Kaine, Kilgore on opposite sides of Tech-UVa. rivalry

The Top Story by Chris Graham

 

Jerry Kilgore was getting ready to talk hard politics.

Which makes sense, given the stakes. There’s a state to be run, after all, not to mention a gubernatorial election – Kilgore, the attorney general in Virginia, is the frontrunner for the Republican Party nomination to run for governor in the Old Dominion in 2005.

After an exchange of pleasantries with the reporter on the other end of the phone line, though, Kilgore let on that something else was on his mind in addition to what one might otherwise expect.

“I’m not doing well, I have to admit. I’m still not over the Miami game,” said Kilgore, a native of Southwest Virginia and a lifelong fan of University of Virginia sports.

A few minutes and another phone call later, and Lt. Gov. Tim Kaine, the presumptive Democratic Party nominee to run for governor in ’05, revealed that he had college athletics on the brain on top of the usual things regarding budgets and taxes and what to do about the state’s transportation infrastructure.

“You’ve caught me at an interesting time to bring up that question. I’m on my way down to the Tech-Maryland game as we speak,” Kaine said last week a few hours before Virginia Tech’s home football game with the University of Maryland.

Kaine, as it turns out, is a self-described “huge” Tech football fan.

One point on which Kaine and Kilgore agree in the walkup to the Virginia Tech-Virginia football contest coming up on Saturday is that the addition of Tech to the Atlantic Coast Conference was very much a good thing for the Blacksburg school and its sister school in Charlottesville as well.

“I’m thrilled that Virginia Tech is in the ACC,” Kaine told The Augusta Free Press. “It’s definitely to their advantage, and really it’s to the benefit of both schools that both are in the ACC. It’s a good thing for the state of Virginia. It takes what has been a traditional rivalry and gives it that much more meaning.”

“Being in a conference like the ACC can do so much for your athletic programs and for your academic programs,” Kilgore told the AFP. “The only evidence that you need there is to look at what happened the year Virginia Tech played for the national title in football (in 1999). Applications soared after that. It was unbelievable. So when it appeared that the Big East might be crumbling around them, it was imperative that they secure a place in a viable conference.”

It seems that both are a bit out of place with their football rooting allegiances – given that Kilgore is a native of rural Scott County in the heart of Hokie Nation, and Kaine is the former mayor of Richmond, a Wahoo stronghold.

“I go down to Blacksburg every chance that I get. I love seeing the Hokies play in Lane Stadium,” Kaine said. “Tonight’s game will be my first Thursday-night game. I’ve been down a number of times on Saturdays, but I understand that they really get this place rocking on Thursday nights.”

They did, as Virginia Tech rolled to a convincing 55-6 win over Maryland, a team that had fallen to Virginia by a 16-0 final two weeks earlier.

Kaine might not be able to make it back to Southwest for Saturday’s Tech-UVa. matchup.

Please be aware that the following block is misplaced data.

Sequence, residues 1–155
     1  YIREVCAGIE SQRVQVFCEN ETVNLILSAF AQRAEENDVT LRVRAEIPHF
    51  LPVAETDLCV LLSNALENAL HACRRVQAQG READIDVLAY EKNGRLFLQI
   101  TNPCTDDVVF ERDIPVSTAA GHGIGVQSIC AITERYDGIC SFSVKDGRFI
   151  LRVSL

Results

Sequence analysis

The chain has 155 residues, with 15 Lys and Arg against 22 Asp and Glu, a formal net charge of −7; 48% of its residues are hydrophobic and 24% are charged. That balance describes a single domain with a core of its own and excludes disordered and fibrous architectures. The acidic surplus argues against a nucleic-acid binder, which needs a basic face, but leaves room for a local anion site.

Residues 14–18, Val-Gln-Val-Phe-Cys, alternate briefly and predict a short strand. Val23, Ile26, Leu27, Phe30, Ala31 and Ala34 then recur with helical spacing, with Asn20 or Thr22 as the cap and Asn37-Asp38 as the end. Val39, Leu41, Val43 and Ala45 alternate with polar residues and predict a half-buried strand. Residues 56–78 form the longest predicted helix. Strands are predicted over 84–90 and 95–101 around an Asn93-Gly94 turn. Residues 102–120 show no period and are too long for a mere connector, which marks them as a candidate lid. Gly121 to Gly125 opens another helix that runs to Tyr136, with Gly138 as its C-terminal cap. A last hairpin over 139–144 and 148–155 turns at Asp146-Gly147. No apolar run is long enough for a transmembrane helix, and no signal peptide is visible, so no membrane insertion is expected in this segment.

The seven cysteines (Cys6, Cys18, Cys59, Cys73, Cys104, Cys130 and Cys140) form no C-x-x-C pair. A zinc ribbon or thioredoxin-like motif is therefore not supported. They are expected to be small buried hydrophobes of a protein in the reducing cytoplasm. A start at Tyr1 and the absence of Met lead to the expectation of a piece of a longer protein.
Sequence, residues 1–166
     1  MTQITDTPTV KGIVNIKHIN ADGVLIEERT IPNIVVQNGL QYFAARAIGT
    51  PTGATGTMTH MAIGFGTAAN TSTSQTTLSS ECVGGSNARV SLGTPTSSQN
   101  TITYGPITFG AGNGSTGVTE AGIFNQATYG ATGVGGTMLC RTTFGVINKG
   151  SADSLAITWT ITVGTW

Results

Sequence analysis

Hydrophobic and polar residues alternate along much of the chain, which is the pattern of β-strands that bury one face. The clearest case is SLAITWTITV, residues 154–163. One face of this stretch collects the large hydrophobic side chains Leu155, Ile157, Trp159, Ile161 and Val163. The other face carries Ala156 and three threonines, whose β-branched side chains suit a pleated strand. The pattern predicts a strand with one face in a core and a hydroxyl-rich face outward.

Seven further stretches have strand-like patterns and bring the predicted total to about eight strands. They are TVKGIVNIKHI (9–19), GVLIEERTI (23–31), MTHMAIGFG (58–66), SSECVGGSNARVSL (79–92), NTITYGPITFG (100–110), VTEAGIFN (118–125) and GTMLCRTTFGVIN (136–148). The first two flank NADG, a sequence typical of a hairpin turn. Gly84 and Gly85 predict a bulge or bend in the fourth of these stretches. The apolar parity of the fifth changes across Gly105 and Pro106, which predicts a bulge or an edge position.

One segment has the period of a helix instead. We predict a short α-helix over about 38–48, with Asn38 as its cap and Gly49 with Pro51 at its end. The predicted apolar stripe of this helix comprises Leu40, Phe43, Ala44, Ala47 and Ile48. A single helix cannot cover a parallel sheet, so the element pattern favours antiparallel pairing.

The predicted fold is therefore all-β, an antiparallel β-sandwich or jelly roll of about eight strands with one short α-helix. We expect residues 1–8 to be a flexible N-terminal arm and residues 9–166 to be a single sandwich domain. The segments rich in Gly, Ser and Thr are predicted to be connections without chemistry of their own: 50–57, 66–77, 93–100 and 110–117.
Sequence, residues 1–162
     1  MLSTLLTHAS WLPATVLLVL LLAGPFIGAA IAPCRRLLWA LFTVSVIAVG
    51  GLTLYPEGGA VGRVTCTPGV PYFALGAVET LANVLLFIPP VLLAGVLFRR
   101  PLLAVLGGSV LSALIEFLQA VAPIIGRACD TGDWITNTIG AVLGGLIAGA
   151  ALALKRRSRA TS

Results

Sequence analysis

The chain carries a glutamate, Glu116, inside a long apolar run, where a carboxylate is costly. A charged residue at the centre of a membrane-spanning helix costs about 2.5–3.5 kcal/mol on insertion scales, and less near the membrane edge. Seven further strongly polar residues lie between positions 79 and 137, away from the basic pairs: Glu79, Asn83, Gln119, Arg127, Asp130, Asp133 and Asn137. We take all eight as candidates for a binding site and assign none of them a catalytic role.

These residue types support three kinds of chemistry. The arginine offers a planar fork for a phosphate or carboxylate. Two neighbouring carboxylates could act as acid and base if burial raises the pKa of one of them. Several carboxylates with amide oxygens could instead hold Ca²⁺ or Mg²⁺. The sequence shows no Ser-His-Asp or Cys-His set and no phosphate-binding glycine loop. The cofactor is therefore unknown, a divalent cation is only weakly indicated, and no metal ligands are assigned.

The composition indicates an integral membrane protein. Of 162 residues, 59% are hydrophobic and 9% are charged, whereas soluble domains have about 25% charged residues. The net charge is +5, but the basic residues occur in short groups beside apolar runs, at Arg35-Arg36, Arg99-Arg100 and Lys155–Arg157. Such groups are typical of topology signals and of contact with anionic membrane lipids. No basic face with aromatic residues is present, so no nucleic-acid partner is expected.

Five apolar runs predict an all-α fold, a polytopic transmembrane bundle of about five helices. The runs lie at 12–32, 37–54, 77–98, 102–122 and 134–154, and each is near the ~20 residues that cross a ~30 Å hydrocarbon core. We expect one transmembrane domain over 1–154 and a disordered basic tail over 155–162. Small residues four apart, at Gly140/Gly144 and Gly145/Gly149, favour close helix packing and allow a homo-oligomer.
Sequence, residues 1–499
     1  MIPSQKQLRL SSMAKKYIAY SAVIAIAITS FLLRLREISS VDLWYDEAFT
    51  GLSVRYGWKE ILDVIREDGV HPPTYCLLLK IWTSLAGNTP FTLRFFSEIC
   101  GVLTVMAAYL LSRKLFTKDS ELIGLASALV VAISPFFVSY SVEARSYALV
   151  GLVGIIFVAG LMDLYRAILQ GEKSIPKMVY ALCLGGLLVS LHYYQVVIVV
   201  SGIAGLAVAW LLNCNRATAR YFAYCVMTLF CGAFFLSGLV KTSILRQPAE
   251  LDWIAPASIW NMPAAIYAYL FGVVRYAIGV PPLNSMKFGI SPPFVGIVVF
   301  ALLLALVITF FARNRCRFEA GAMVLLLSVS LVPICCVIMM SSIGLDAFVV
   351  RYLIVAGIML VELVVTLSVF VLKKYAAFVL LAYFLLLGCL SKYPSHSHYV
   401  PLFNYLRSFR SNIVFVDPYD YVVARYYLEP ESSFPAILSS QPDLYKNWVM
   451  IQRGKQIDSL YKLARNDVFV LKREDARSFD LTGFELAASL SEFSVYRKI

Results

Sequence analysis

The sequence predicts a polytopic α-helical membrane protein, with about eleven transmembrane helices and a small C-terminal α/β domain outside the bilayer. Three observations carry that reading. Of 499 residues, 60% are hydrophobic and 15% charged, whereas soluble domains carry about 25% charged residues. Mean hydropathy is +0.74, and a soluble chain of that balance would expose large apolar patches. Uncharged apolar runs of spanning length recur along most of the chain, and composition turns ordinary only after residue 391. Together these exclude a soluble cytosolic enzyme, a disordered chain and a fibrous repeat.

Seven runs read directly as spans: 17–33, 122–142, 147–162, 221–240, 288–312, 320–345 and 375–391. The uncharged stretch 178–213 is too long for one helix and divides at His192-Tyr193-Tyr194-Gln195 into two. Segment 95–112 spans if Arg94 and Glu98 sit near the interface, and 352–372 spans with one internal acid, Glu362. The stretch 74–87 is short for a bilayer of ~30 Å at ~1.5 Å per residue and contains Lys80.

“My wife and I are taking a trip to celebrate our 20th wedding anniversary. We’re supposed to be back later in the week, and I’m hoping to be able to make it down. It’s just a matter of how bad the jet lag is. But for me, I really want to be there,” Kaine said.

Wild horses couldn’t keep Kilgore away, for those keeping score at home. Kilgore will watch the game from the president’s box at Lane Stadium as a guest of Tech president Charles Steger, “but I won’t be afraid to be in there with my orange and blue,” he said.

“All my Virginia Tech friends understand,” Kilgore said. “I’m not going to walk the political tightrope and try to pretend that I’m neutral. I have friends on both sides, but when it’s time for the football game, I’m a Cavalier all the way. And then when UVa. wins, we can go back to being friends.”

Whether he’s in Blacksburg or watching at home with friends, Kaine will be pulling hard for his Hokies.

“This is the kind of issue that politicians like to dance around and walk the fence on. I can’t do that. When it comes to Tech and Virginia, I’m always rooting for Tech. I root for Virginia every other weekend, but I’m a big Tech football fan,” Kaine said.

The winner of this weekend’s game could have the inside track to the ACC title and the conference’s slot in the lucrative Bowl Championship Series. Kilgore, for his part, thinks the outcome of next year’s game could mean even more.

“I think that next year’s game could decide who plays in the national-championship game. I really do,” Kilgore said.

“I’m not sure if I can take it. Running a gubernatorial campaign in the fall and watching Virginia make a run at the national title. I’m not sure if my heart can take it,” Kilgore said.

uva basketball team of destiny
Team of Destiny: Inside Virginia Basketball’s Run to the 2019 National Championship, by Jerry Ratcliffe and Chris Graham, is available for $25.


The book, with additional reporting by Zach Pereles, Scott Ratcliffe and Scott German, will take you from the aftermath of the stunning first-round loss to UMBC in 2018, and how coach Tony Bennett and his team used that loss as the source of strength, through to the ACC regular-season championship, the run to the Final Four, and the thrilling overtime win over Texas Tech to win the 2019 national title, the first in school history.
 
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